The methods for the analysis of useful trace elements in sea water which have been tried so far are reviewed, and these methods are described briefly from the standpoint of studying the collection of resources. Ag and Au can be determined by concentrating sea water by ion-exchange method, solvent extraction method and electrodeposition method, then the elements are measured quantitatively by activation analysis and atomic absorption spectrochemical analysis. Sr, B and Li, which exist in relatively high concentration in sea water, are determined easily by atomic absorption spectrochemical analysis and absorption spectrometry. U, Mo and V are measured suitably by concentrating the elements by coprecipitation or solvent extraction method, and measuring by fluorescence analysis and arsenazo-3 method for U and through graphite-atomic absorption analysis for Mo and V. It has been revealed that the concentration of Ag and Au in sea water is extremely low, accordingly the recovery study is not conducted recently. On the other hand, the adsorption method using hydrated titanium oxide and amidoxim adsorbents for U, Mo and V, the adsorption method using aluminum adsorbent for Li, and the adsorption method using magnesium oxide and zirconium hydroxide and the solvent extraction method for B are hopeful to recover these elements. (Yoshitake, I.)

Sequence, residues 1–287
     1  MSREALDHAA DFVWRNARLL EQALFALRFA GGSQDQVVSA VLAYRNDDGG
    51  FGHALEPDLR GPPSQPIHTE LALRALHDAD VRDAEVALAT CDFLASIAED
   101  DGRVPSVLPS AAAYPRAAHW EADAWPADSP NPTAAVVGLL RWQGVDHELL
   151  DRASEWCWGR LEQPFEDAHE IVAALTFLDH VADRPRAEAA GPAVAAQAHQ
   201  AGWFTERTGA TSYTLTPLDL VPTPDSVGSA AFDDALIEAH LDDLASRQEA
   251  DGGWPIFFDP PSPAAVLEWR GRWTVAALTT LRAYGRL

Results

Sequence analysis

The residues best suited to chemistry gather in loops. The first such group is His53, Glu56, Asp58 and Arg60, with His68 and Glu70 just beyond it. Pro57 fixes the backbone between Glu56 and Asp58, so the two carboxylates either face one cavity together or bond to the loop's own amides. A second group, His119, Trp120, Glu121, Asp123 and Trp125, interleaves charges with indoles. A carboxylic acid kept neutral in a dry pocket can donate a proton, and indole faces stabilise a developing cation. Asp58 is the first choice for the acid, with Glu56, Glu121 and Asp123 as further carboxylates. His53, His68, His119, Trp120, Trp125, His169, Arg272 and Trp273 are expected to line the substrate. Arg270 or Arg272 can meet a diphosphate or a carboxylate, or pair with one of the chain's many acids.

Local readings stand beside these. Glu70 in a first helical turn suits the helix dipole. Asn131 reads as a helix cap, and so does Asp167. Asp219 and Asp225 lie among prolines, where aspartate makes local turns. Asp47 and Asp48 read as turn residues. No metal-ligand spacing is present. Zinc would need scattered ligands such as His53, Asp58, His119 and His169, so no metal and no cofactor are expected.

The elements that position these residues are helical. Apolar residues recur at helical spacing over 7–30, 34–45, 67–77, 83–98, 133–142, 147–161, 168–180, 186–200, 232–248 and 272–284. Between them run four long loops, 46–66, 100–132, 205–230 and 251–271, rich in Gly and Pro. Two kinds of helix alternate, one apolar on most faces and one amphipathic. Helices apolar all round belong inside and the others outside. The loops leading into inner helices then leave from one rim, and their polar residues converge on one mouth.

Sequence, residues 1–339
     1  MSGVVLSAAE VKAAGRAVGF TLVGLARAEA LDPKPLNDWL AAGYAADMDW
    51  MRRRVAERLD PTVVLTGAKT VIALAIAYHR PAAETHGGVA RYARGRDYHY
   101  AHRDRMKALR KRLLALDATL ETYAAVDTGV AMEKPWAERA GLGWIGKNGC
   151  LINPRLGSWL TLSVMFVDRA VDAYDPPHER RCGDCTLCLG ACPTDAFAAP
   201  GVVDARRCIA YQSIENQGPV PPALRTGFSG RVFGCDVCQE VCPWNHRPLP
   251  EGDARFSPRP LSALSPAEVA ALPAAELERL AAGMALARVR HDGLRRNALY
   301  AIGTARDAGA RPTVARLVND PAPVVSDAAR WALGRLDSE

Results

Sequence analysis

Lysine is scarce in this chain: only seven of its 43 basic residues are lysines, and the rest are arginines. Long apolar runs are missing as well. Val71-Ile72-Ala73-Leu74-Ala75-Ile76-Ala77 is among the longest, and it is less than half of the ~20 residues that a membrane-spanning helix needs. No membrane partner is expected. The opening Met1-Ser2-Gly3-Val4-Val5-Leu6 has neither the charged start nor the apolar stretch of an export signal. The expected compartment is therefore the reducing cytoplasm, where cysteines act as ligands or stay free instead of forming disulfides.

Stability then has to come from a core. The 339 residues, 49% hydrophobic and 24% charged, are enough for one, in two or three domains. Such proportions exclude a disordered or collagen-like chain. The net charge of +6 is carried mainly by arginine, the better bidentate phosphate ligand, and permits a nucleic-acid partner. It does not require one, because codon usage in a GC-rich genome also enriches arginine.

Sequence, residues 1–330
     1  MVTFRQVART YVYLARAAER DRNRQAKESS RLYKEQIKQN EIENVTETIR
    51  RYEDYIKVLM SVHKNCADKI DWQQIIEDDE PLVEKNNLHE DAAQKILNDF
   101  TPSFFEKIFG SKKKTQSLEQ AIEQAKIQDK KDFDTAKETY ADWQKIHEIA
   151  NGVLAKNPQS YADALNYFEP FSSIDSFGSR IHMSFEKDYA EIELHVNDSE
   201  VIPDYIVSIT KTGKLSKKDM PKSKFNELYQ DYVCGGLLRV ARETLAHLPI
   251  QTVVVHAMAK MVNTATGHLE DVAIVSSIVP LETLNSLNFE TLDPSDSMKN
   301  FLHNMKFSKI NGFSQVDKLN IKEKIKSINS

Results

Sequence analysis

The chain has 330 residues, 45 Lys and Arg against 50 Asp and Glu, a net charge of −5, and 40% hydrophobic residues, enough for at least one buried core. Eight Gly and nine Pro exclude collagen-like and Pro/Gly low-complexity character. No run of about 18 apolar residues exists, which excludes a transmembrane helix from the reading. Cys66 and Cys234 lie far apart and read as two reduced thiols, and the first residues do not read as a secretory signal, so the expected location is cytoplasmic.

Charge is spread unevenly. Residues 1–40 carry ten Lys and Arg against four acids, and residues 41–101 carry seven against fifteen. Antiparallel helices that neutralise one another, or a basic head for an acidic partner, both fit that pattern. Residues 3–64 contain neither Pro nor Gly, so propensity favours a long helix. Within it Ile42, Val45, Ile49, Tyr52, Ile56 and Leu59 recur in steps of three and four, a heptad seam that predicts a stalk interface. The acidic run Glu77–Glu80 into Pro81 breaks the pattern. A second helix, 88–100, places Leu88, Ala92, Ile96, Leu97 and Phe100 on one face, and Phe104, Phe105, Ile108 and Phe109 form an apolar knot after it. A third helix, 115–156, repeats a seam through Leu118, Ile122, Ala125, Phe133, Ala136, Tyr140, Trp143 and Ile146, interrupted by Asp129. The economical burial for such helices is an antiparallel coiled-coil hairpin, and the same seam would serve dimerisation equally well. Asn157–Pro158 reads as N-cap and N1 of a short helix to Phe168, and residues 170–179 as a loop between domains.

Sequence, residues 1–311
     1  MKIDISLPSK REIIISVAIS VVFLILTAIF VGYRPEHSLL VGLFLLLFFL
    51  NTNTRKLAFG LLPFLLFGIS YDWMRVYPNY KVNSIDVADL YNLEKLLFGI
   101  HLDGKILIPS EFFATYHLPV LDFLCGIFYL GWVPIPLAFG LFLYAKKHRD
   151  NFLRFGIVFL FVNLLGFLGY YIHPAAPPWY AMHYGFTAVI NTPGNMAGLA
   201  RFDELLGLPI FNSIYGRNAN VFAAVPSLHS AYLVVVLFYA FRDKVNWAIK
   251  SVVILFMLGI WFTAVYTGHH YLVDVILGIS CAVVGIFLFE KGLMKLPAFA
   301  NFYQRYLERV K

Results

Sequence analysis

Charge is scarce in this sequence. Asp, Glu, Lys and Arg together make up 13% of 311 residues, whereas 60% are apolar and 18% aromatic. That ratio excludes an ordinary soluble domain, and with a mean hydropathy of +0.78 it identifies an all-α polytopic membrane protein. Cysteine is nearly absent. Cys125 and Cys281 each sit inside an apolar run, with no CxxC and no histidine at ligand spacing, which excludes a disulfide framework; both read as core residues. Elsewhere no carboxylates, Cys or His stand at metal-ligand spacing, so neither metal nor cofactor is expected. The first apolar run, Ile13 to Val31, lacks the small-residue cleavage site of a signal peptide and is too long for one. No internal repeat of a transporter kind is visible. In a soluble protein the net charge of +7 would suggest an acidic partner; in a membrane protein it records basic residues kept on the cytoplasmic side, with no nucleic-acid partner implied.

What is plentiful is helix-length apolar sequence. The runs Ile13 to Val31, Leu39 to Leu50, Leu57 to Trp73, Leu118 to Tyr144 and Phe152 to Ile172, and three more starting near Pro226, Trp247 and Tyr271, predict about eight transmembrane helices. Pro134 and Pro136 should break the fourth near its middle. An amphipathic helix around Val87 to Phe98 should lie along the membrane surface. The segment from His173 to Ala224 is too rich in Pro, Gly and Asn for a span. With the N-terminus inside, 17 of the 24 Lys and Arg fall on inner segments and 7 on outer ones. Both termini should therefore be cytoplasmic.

16. [Open-top Chamber for in situ Research on Response of Mercury Enrichment in Rice to the Rising Gaseous Elemental Mercury in the Atmosphere].

    Science.gov (United States)

    Chen, Jian; Wang, Zhang-wei; Zhang, Xiao-shan; Qin, Pu-feng; Lu, Hai-jun

    2015-08-01

    In situ research was conducted on the response of mercury enrichment in rice organs to elevated gaseous elemental mercury (GEM) with open-top chambers (OTCs) fumigation experiment and soil Hg enriched experiment. The results showed that Hg concentrations in roots were generally correlated with soil Hg concentrations (R = 0.9988, P 0.05), indicating that Hg in rice roots was mainly from soil. Hg concentrations in stems increased linearly (R(B) = 0.9646, R(U) = 0.9831, P atmosphere respectively, and yet only 8%-56% of mercury in bottom-stem was attributed to air. Therefore, mercury in rice aboveground biomass was mainly from the atmosphere, and these results will provide theoretical basis for the regional atmospheric mercury budgets and the model of mercury cycling.

  17. Source, concentration, and distribution of elemental mercury in the atmosphere in Toronto, Canada